In almost any film you care to think of where some malevolent presence torments the main characters you will be having the same thought process: why don’t they just leave?! Get out the spooky house! Leave alone the cursed items! Stop walking into the dark spaces! His House, the debut feature from director Remi Weekes, nixes that nagging narration with a simple element. If refugees Bol and Rial leave the house they face being deported back to war torn South Sudan.
Similar to the social commentary horror movies of Jordan Peele (Get Out, Us), Weekes imbues His House, a movie which on the face of it appears to be a simple haunted house yarn, with subtle and satisfying subtext. After spending an unclear amount of time in a detention centre, Bol and Rial (Sope Dirisu and Wunmi Mosaku) are provided with a home to live in whilst their asylum claim is processed. But they are banned from working, having friends round, or doing anything beyond staying in the house provided to them. With virtually no other characters in the movie, we follow the couple as they are unceremoniously dropped off in an undisclosed housing estate. “Is this London?” Bol later asks, only to be shrugged off with, “If you like” as a response.
Yet all is not right with this run down unfurnished house in a rough estate somewhere in England. Scuttling noises can be heard behind the walls. The power keeps cutting out. The corners of rooms are too dark. Voices whisper. The first half of the movie is full of scares as Bol’s tension level increases. The ghostly narrative is familiar but intercut with the alienation that Bol and Rial feel anyway, haunting notwithstanding. His House ensures you don’t get too familiar though as the movie starts to fall away from expected tropes.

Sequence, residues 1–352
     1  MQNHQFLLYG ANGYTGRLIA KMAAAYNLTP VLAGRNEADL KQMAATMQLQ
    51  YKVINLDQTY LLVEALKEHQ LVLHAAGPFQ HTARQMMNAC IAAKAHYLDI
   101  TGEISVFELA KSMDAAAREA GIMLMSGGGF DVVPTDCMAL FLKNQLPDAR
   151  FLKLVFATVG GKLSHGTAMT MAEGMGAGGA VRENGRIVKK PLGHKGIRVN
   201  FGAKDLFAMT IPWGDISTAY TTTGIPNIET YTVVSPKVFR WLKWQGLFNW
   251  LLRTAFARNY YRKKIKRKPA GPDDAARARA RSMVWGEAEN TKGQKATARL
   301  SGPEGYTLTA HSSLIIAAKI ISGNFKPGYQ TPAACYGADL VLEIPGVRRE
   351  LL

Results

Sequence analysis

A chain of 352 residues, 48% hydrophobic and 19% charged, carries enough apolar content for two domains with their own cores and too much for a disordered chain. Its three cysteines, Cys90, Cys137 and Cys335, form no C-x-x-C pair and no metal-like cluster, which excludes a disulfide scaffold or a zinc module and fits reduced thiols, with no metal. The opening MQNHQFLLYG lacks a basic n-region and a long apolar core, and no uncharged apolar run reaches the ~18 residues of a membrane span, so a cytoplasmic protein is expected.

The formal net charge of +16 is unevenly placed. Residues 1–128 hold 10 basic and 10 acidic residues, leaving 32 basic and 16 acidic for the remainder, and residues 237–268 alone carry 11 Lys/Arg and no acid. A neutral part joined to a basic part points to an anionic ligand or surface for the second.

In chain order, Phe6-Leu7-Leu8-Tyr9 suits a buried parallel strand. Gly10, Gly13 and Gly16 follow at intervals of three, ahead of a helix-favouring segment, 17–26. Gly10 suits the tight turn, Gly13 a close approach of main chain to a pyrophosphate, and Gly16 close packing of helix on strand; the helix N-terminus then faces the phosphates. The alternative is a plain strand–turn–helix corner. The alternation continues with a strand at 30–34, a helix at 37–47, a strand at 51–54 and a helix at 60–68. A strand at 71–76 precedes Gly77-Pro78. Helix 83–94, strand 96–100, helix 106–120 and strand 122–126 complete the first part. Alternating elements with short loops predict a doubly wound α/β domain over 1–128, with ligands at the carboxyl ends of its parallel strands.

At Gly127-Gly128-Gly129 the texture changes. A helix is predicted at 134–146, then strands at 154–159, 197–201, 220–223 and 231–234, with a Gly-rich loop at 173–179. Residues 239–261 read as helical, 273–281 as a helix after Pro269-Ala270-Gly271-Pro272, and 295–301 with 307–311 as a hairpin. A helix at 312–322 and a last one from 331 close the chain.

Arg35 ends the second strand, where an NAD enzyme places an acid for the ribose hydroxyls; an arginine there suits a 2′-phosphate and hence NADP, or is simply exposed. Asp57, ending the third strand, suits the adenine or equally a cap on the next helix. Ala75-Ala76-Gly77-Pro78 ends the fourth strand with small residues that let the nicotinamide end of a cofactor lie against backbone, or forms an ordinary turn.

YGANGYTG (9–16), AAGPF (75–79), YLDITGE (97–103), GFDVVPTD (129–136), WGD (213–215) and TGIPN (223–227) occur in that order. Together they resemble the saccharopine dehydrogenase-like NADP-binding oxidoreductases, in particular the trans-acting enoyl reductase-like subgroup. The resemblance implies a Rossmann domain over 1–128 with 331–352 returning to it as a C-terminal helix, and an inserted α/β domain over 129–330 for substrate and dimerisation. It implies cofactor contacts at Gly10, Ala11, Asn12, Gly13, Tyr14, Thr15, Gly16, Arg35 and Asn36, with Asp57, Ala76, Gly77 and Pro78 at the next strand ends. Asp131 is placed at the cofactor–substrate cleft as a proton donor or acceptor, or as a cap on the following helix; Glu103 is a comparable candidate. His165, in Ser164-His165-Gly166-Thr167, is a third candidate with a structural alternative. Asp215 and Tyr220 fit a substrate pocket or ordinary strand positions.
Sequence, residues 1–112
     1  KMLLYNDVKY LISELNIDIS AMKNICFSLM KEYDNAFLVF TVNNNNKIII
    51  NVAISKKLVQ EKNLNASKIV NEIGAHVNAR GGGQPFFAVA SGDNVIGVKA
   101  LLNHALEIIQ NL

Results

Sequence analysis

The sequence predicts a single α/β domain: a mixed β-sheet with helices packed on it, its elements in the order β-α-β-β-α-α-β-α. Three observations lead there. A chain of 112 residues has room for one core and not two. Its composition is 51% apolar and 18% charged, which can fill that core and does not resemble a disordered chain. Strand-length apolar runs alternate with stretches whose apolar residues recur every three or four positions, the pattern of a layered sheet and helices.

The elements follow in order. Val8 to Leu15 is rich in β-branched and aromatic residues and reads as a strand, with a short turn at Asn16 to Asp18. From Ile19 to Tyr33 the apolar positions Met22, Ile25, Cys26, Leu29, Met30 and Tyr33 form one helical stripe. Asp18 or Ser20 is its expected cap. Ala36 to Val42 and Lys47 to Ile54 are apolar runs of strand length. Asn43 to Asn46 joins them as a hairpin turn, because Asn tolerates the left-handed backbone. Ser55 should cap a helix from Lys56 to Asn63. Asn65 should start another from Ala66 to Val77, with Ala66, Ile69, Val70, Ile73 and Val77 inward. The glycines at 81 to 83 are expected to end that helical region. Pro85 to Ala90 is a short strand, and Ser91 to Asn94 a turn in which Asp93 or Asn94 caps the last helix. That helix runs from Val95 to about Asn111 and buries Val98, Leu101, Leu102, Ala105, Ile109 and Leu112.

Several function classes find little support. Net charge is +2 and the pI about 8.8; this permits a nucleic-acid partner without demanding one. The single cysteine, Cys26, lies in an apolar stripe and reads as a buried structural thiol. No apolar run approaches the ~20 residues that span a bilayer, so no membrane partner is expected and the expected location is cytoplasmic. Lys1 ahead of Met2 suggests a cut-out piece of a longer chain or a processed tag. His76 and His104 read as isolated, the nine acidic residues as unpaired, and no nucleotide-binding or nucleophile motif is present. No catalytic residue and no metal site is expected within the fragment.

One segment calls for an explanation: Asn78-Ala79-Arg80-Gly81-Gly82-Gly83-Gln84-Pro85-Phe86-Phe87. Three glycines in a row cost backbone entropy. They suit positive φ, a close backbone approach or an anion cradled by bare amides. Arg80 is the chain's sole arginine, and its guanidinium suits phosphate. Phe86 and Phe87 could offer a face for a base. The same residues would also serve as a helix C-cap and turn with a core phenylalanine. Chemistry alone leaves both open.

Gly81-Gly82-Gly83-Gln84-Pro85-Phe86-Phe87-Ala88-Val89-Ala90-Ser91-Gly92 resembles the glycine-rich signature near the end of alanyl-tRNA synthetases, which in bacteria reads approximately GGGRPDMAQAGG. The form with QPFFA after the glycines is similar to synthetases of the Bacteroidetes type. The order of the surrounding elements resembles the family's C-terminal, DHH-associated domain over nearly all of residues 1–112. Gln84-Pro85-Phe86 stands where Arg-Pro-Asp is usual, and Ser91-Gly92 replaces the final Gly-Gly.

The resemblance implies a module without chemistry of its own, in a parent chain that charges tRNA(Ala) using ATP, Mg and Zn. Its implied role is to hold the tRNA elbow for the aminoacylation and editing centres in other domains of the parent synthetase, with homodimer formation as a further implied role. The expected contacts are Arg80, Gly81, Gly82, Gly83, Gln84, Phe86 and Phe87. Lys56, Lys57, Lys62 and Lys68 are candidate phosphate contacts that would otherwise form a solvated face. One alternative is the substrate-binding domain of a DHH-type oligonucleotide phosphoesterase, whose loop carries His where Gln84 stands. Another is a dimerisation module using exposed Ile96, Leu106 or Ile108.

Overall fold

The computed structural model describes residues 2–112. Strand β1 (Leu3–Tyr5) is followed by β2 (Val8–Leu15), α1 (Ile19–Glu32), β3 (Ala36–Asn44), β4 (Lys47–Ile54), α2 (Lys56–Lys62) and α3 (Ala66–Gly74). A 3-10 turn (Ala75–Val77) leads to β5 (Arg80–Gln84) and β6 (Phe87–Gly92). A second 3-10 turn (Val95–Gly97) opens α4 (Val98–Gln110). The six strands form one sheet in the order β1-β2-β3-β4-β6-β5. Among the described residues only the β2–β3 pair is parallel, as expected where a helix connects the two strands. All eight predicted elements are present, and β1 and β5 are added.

This is the point where it is hard to continue a review without giving away the plot. Suffice to say that Bol deals with the situation very differently to Rial. Dirisu delivers a wonderful performance as a man trying hard to assimilate and be congenial. “This is our home!” he states repeatedly, determined to forget all that has happened before. Mosaku, in contrast, showcases an internalised struggle. She holds on to their own ways and is hurt and scared by dismissive locals who don’t want her there.
A wonderful turning point scene simply shows Bol proudly using cutlery to eat his dinner, whereas Rial (“It tastes like metal”) scoops up the food with bread as she would normally do. Such mundane simplicity is slowly morphed as the camera pulls further and further away, leaving the couple behind.
His House has plenty to say but does have a bit of script engineering to keep both the audience and its characters guessing. The delivery and style is extraordinary and I left the movie with many moments still looming in my mind, not least the terrifying culmination of what is demanded from our protagonists, but that didn’t stop me from also picking apart the logic of a rather glaring reveal. It doesn’t break the story or the pace, but we are asked to follow Bol and Rial’s memories in a manner that smacks of unbelievability at one point.
Putting aside the irritating brain lapse being sold to the audience, His House is one of those movies that drips with atmosphere and purpose. Whether it be open holes in the walls like wounds or beautifully stylised sections where there is more than just the house haunting Bol’s mind, His House maintains its grip on you from start to finish. Settle in and make yourself at home.
Words by Mike Record